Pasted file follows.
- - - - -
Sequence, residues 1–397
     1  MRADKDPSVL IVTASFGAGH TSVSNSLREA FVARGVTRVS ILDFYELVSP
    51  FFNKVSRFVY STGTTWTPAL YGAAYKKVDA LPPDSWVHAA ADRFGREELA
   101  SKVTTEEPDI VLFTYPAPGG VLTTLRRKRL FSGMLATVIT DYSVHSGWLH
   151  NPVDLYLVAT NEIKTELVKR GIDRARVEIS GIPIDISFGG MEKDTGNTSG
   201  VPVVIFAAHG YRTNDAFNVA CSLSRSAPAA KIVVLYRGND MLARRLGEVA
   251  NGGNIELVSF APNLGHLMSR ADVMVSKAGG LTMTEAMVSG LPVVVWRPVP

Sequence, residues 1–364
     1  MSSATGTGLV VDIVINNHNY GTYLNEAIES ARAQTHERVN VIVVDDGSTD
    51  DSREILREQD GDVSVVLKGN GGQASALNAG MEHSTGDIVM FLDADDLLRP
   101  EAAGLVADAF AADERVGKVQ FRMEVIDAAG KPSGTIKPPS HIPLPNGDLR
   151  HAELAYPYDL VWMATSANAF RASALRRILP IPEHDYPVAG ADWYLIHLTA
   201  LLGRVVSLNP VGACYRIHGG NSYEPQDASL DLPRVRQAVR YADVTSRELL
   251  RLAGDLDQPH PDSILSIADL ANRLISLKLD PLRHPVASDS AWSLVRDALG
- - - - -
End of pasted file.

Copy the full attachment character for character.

Sequence, residues 1–397
     1  MRADKDPSVL IVTASFGAGH TSVSNSLREA FVARGVTRVS ILDFYELVSP
    51  FFNKVSRFVY STGTTWTPAL YGAAYKKVDA LPPDSWVHAA ADRFGREELA
   101  SKVTTEEPDI VLFTYPAPGG VLTTLRRKRL FSGMLATVIT DYSVHSGWLH
   151  NPVDLYLVAT NEIKTELVKR GIDRARVEIS GIPIDISFGG MEKDTGNTSG
   201  VPVVIFAAHG YRTNDAFNVA CSLSRSAPAA KIVVLYRGND MLARRLGEVA
   251  NGGNIELVSF APNLGHLMSR ADVMVSKAGG LTMTEAMVSG LPVVVWRPVP

Sequence, residues 1–364
     1  MSSATGTGLV VDIVINNHNY GTYLNEAIES ARAQTHERVN VIVVDDGSTD
    51  DSREILREQD GDVSVVLKGN GGQASALNAG MEHSTGDIVM FLDADDLLRP
   101  EAAGLVADAF AADERVGKVQ FRMEVIDAAG KPSGTIKPPS HIPLPNGDLR
   151  HAELAYPYDL VWMATSANAF RASALRRILP IPEHDYPVAG ADWYLIHLTA
   201  LLGRVVSLNP VGACYRIHGG NSYEPQDASL DLPRVRQAVR YADVTSRELL
   251  RLAGDLDQPH PDSILSIADL ANRLISLKLD PLRHPVASDS AWSLVRDALG